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Deputys widow repays club for support
Golf tourney held in late officers name benefits Two Hundred Club
200 Club J Check Pres 3
From left are Liberty County Sheriff Steve Sikes, Hinesville Police Department Det. Tracey Howard, Catherine Smiley, Two Hundred Club President Tak Argentinis and fundraising golf tournament volunteers Angie Dixon and Steve Welborn. Not pictured are tournament volunteers Jody Smiley, Andy Gose, Danny Dinkins and William Bowman. - photo by Photo provided.

The widow of Liberty County Sheriff Deputy John "Jay" Smiley paid it forward last week when she presented a $6,500 donation to the Two Hundred Club of the Coastal Empire. The money was raised at a golf tournament held in Smiley’s memory on Nov. 20, at Cherokee Rose Country Club. The late deputy’s family and friends helped organize the event.

"This is the second year the tournament was held in my husband’s name," Catherine Smiley said. "We donated the money to the Two Hundred Club in his name."

Catherine Smiley received a $5,000 donation from the club nearly two years ago when her husband died suddenly from a heart attack. She said she was grateful for the award, as it helped her pay for funeral expenses and other bills resulting from her husband’s untimely death at age 45. She has four children, three from a previous marriage and one, a 2-½ year-old girl, from her marriage to her late husband.

The Two Hundred Club assists families of law enforcement officers and fire fighters who die in the line of duty or suffer critical injuries, club member and Hinesville Police Department Det. Tracey Howard said.

The club also offers a one-time monetary award to those who die off duty, like Smiley and LCSO Deputy Jon Robin Glandon Jr., who died in 2009 after battling cancer, Two Hundred Club President Tak Argentinis said.

The club’s mission is "to show gratitude to those in the community who protect us," Argentinis said.

"My husband was born and raised here," Smiley said. "He knew a lot of people in the community. Jay was very well liked. He was the type of person who would help out anybody and always gave everybody the benefit of the doubt. He would do anything himself to help anybody in need. His job gave him the opportunity to help others."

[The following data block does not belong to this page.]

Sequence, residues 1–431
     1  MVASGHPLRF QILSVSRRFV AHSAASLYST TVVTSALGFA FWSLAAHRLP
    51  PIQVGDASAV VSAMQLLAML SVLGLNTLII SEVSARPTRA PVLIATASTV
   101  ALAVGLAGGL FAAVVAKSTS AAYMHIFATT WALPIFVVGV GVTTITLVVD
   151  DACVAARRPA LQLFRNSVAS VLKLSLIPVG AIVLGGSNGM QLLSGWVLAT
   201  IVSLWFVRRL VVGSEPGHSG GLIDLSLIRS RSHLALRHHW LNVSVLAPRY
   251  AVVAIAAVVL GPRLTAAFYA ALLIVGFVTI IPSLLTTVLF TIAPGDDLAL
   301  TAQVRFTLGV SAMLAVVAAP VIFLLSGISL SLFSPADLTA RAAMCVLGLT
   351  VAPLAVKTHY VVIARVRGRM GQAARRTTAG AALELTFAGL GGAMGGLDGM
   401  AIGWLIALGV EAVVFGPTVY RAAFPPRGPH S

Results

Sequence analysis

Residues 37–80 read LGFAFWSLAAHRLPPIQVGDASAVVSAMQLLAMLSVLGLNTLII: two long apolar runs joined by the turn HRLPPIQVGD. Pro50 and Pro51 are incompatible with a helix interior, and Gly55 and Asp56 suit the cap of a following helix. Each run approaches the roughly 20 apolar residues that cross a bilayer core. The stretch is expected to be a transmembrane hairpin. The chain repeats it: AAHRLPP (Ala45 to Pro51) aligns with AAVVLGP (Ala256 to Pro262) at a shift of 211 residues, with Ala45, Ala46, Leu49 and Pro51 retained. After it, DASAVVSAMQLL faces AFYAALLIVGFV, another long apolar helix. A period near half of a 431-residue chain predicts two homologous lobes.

Smiley said before her husband’s passing, she was not aware of the Two Hundred Club or their mission. Now she is happy to help the club assist other families of fallen law enforcement officers and fire fighters.

The regional club has 300 dues-paying members from as far north as Beaufort, S.C. and as far south as Jacksonville, Fla., Argentinis said. Argentinis, Brooks Stillwell and Harry Haslam founded the club in 2000, according to the club’s website. They patterned the club after the Hundred Club of Detroit, the Hundred Club of Massachusetts and the Three Hundred Club of Atlanta, according to

"The club in Detroit started way back when an automobile manufacturer saw a story in the newspaper that the home of a slain police officer was being foreclosed on," Howard said. "He wanted to help so he paid the mortgage on the house for the family."

The club is a not-for-profit, independent organization, Argentinis explained.

"We’re all independent of each other," he said. "We’re all volunteers. We pay no salaries, we pay no overhead expenses. One hundred percent of the funds we raise go to the families."

"Within one week of a fatality, the Two Hundred Club provides the surviving spouse – or if no spouse survives, then to a dependent child – a check for $10,000 to take care of any immediate needs," according to the club’s website. "In approximately two weeks the Two Hundred Club ascertains the family’s debts and pays them off up to an additional $15,000. The children and the spouses are eligible for educational assistance. Every year thereafter, the Two Hundred Club sends birthday and Christmas U.S. Treasury bonds to the (surviving) children, money for Thanksgiving and Christmas, family dinners and red roses on Mother’s Day."

Since the club began 10 years ago, it has provided benefits to 38 families of fallen law enforcement officers and firefighters, Argentinis said.

"We have given out more than $600,000 so far," he said.

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